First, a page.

Presently, NSML’s Fleet Management department manages 11 LNG ships including seven steam and four Dual Fuel Diesel Electric ships owned by BGT. It ensures the vessels are operated in line with flag state, class, and the global maritime industry requirements. NSML ensures that these vessels are sea- and cargo-worthy at all times, thereby ensuring that NLNG achieves its aims of delivering cargoes safely and reliably to its customers globally.

“NSML is the biggest employer of Nigerian seafarers on board its 13 NLNG-owned carrier ships. We have trained hundreds of seagoing officers, some to the level of captains and chief engineers,” Fatayi-Williams disclosed.

Continuing, she said,  “NSML, which initially was set up as a manning outfit in 2010, metamorphosed into an international maritime service company that is providing world-class services in vessel management, crew management, administration, terminal management and maritime training including projects and consultancy.”

Giving further insight, she stated that NLNG and its shareholders agreed on a Nigerianisation scheme in 1997, but the agreement was revisited and updated in 2004.

“The objective of the scheme, which was to Nigeranise the company’s workforce, was achieved in 2012. It started by recruiting Higher National Diploma graduates and training them as technicians and operators. This was a deliberate policy to enable the relatively young minds to imbibe the skills, work culture, discipline and professionalism that the business requires,” he stated.

NLNG, she said, also instituted a staff training and development drive for different cadres of technical staff to help them acquire the requisite skills and competence needed for management, supervisory and to hold operational positions in the company. “The company continues to recruit young engineers and other technical staff, as part of this initiative,” she also added.

On the economic impact of NLNG’s operations on the Nigerian economy, Fatayi-Williams pointed out that NLNG provides more than 2,000 jobs each construction year. “Overall, the major sub-contractors employed about 18,000 Nigerians in technical jobs in the Base Project.

“Through each Nigerian Content plan for its contracts, NLNG has promoted the development and employment of Nigerian manpower. For instance, 600 Nigerians were trained in Nigeria and at the contractors’ (Hyundai and Samsung) shipyards in Korea as part of the Nigerian Content deliverables tied to the construction of six new LNG vessels by BGT, a wholly-owned subsidiary of NLNG,” she stated.

In the end, those 600 Nigerians, with enhanced skills in welding, hull assembly, pipe fitting, electrical, mechanical, painting, and ship design joined the nation’s workforce, providing a support base for technology transfer and industrialisation.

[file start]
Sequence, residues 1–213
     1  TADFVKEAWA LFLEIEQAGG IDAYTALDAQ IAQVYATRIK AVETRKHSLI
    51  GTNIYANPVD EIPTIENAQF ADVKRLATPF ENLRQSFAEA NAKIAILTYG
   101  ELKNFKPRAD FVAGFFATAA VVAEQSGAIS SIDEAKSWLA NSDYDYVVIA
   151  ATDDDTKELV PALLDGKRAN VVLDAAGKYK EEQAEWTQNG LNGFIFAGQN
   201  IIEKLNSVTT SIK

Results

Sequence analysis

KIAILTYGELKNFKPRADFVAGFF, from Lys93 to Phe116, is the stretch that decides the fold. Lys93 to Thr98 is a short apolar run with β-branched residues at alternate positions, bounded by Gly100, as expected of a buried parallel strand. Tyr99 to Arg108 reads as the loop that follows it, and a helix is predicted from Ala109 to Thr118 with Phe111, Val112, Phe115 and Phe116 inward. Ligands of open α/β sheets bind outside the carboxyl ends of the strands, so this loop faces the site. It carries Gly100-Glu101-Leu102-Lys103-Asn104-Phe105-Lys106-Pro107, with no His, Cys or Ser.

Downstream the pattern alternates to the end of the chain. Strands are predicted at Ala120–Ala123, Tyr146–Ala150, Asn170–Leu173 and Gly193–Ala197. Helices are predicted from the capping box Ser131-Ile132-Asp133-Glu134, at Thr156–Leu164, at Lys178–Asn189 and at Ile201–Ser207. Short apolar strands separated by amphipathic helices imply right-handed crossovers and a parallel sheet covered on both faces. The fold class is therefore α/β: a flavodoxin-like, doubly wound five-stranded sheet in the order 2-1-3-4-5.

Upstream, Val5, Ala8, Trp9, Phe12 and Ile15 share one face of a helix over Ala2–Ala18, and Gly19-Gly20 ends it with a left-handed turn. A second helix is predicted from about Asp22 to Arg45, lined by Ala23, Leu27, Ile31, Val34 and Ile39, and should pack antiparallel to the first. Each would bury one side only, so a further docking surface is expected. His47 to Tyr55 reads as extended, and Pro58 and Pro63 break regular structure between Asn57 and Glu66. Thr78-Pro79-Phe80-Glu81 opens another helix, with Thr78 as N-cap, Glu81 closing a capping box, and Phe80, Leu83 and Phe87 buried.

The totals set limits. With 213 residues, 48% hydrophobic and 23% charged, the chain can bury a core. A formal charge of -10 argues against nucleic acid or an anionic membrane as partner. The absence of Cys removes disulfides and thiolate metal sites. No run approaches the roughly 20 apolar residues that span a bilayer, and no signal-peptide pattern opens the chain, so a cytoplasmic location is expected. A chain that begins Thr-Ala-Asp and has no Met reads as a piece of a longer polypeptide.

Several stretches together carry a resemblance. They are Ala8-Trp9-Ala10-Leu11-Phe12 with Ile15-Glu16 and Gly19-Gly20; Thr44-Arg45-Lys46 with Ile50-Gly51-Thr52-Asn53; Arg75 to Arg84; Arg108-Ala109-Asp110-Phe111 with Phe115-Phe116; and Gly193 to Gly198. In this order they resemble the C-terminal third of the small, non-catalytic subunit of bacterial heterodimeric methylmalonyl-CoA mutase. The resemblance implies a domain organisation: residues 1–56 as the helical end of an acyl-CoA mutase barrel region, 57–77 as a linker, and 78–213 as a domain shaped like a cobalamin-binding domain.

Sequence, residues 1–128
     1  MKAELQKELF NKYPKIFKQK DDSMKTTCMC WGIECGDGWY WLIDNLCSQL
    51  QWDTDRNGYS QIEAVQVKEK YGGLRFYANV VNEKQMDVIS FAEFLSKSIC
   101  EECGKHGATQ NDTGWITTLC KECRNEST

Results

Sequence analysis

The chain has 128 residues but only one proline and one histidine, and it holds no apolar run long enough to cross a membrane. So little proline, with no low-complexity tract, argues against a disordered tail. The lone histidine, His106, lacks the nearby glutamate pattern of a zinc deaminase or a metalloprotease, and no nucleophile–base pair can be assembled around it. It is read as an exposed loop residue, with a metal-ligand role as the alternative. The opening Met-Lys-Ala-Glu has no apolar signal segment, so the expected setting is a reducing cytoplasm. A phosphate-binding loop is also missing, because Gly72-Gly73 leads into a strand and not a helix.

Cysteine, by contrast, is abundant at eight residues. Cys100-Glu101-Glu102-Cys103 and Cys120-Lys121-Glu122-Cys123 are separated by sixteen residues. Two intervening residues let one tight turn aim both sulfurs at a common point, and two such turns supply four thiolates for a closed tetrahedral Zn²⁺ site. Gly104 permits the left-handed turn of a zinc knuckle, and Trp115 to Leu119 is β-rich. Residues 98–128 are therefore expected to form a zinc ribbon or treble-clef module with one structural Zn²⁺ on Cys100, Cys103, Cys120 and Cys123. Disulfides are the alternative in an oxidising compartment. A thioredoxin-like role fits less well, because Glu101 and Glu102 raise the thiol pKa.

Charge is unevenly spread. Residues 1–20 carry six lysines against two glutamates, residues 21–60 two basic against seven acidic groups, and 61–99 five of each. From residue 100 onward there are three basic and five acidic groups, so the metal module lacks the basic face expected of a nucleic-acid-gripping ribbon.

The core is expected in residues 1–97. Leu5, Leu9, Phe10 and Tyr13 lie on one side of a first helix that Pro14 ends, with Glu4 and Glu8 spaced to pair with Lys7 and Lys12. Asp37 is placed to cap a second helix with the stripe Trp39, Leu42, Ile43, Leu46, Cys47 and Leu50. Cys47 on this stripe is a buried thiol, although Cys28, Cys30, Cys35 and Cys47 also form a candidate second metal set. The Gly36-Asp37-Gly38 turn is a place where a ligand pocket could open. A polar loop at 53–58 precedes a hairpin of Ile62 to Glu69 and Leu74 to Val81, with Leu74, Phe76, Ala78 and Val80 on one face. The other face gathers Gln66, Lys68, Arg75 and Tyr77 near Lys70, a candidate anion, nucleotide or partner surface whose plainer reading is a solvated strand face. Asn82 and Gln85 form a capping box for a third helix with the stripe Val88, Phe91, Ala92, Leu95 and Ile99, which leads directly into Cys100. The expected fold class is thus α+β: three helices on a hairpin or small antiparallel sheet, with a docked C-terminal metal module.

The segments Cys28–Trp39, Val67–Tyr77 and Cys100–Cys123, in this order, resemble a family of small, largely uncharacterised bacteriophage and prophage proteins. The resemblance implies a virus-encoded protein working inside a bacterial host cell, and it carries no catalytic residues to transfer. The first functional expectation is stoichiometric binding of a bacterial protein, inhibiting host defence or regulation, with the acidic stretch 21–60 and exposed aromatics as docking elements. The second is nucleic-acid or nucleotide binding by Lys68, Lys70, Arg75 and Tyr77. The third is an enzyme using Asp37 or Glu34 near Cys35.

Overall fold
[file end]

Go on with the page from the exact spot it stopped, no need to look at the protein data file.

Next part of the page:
Determined to also ensure that Nigerian seafarers play role in Nigerian and global shipping communities, Nigeria LNG invested in the building of Maritime Centre of Excellence (MCOE), a one-stop maritime consulting and training outfit set up to provide marine and shipping technical services, maritime training, maritime project management and maritime consultancy for NSML, NLNG, and for the wider maritime industry.

Situated on Bonny Island in River State, the centre has national and international accreditations including the NIMASA accreditation as a Maritime Training Institute (MTI) and accreditation to conduct STCW courses.

Others include the Marshall Islands Flag Administration accreditation to conduct STCW and seafarers’ training courses; DNV-GL accredited Maritime Simulator Centre and Maritime Training Centre and the ISO 9001:2015 by DNV-GL.

In addition, NLNG has, over the years, supported the Maritime Academy of Nigeria (MAN), Oron, to train manpower for the industry.

First, NLNG engaged Warsash Maritime Academy, Southampton to review the Nigerian academy’s STCW 95 courses. With this, Warsash Maritime Academy facilitated the accreditation process of Maritime Academy of Nigeria, Oron, to enable them to issue MCA-approved certificates.

The cost for these projects which includes purchase, installation, and test-running equipment for the Academy was fully borne by Nigeria LNG limited.

Furthermore, NLNG also spent over US$100,000 on equipment, besides sponsorship of four lecturers and a Life Craft Technician to the United Kingdom for training. In 2010, NLNG made a donation worth N40 million to the academy to facilitate the training of officers in Proficiency in Survival Craft and Rescue Boat (PSCRB).